|Don't ask to ask, just ask|
Perl 5 by Example
The volume of free courses and manuals is absolutely mind boggling! There is so much valuable information out there!
I did not look on YouTube, because I wanted to go at my own pace. I wanted to learn fast. If you are watching a YouTube video, you are limited to the pace of the teacher. I usually don't understand their words, because English is my second language. Reading is a lot easier for me. Also, on YouTube, whenever they write an example program, the resolution is so bad that I cannot tell what they are writing or they change the screen so quickly there's not enough time to copy the program. I don't like to pause and rewind all the time. So, I think, YouTube videos aren't the best way to learn a programming language. Of course, some people like them, and that's okay. Use whatever works best for you!
So, anyway, I started to write little programs to see if I can do this and that. Then I didn't understand something and wanted to ask a question. That's when I found PerlMonks! These people here immediately answered my questions and were very friendly. I thought this is the best language! I am really glad I picked this one. So, I haven't been disappointed.
After awhile, I found TinyPerl 5.8 which is a very small compact version of Perl for Windows, and I decided to install that one. Strawberry Perl is like a monster compared to TinyPerl. I like small better. And TinyPerl is good enough for me. So, I have been using that ever since. It's perfectly suited for my needs. I don't use Perl for business. I use it for hobby programming. I write stuff for myself to speed up my everyday life and my work and for fun, of course. I like solving puzzles and thinking about difficult problems, and programming is also a sort of creative outlet for me.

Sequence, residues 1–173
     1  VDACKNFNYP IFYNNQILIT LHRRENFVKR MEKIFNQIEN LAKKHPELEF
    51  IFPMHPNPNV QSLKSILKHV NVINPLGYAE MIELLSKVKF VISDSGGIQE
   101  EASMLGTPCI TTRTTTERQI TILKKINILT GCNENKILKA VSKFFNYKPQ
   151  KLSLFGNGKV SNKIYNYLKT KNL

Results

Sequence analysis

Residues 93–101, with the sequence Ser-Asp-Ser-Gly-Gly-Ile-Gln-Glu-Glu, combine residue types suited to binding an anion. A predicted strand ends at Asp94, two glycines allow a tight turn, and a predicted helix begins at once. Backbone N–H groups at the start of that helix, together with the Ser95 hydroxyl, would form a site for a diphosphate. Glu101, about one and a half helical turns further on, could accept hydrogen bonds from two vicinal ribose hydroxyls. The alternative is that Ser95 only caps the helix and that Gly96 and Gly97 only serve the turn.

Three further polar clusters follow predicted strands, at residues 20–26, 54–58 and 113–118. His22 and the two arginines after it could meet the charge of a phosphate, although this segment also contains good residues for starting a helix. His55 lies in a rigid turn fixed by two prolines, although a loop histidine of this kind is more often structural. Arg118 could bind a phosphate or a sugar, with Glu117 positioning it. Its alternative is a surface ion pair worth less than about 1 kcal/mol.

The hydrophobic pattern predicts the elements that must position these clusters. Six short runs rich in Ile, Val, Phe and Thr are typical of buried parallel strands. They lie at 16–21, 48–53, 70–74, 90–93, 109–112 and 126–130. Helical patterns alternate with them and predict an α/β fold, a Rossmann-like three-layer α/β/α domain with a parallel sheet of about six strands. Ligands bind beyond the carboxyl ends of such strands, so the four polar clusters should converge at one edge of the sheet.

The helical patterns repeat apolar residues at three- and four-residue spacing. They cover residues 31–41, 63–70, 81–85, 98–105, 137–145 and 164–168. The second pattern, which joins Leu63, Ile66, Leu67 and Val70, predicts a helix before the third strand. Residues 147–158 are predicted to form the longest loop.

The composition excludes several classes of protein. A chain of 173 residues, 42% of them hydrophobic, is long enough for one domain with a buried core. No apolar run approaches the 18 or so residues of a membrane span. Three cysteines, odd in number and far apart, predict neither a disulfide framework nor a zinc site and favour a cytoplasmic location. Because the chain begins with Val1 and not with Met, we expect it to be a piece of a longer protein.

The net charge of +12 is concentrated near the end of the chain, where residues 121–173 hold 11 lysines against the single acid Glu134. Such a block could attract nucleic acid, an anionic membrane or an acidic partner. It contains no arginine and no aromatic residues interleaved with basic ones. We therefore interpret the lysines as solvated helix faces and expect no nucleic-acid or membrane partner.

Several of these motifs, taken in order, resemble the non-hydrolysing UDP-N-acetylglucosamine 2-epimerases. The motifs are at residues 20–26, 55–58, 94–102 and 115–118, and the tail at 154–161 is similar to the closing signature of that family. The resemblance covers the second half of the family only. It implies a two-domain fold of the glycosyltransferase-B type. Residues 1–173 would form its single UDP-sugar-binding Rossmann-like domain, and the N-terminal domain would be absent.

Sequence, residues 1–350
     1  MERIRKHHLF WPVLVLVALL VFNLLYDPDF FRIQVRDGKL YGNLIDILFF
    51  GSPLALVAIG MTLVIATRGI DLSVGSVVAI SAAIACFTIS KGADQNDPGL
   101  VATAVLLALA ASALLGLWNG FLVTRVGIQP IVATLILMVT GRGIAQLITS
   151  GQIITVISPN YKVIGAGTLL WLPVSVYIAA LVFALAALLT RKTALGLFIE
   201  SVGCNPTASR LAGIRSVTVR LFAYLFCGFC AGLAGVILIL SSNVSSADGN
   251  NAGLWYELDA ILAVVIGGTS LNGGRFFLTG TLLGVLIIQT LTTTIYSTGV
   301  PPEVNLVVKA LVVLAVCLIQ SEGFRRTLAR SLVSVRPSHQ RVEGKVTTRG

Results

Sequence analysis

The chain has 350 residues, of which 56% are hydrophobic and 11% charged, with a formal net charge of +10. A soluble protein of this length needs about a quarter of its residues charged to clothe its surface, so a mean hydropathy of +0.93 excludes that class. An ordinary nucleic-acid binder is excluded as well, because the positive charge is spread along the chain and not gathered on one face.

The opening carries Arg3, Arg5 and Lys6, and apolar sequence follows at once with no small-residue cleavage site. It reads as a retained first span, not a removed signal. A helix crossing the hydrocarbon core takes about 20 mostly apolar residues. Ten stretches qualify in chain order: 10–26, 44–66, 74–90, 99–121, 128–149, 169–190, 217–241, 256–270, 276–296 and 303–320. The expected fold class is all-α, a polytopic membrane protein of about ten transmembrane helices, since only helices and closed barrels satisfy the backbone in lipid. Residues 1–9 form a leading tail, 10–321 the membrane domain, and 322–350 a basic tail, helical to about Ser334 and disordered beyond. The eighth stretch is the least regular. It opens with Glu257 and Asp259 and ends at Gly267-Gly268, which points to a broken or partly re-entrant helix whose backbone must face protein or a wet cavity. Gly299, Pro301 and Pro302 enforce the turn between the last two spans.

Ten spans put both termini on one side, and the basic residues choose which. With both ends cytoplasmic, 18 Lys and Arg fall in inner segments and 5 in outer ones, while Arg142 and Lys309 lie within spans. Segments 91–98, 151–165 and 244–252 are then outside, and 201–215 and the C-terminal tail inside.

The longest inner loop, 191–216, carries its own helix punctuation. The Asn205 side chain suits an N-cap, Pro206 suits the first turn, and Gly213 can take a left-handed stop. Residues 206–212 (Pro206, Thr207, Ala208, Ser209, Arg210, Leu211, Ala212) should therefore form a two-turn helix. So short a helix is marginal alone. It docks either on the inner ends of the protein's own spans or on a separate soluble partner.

"After some Googling I find that most of the suggested books are from 2010-2017 which leads me to believe the books are either old or Perl itself hasn't been updated in a long time."
Well, Perl is old, but that's not necessarily a bad thing. Imagine what would happen if the "American Association of Language Experts" decided to update the English grammar every year or so. It would drive people nuts. A piece of paper you write today might not pass the spellcheck and grammar check 3 years from now, because today language rules would be considered outdated by then. What makes a language valuable is its stability and popularity. The same thing is true about Perl. I think, the fact that it is old is a good thing! It also means that the internet is full of information about it. If you want to do something in Perl, chances are it's been done before. So, you can either just use someone else's code OR you can study someone else's code and write a better code.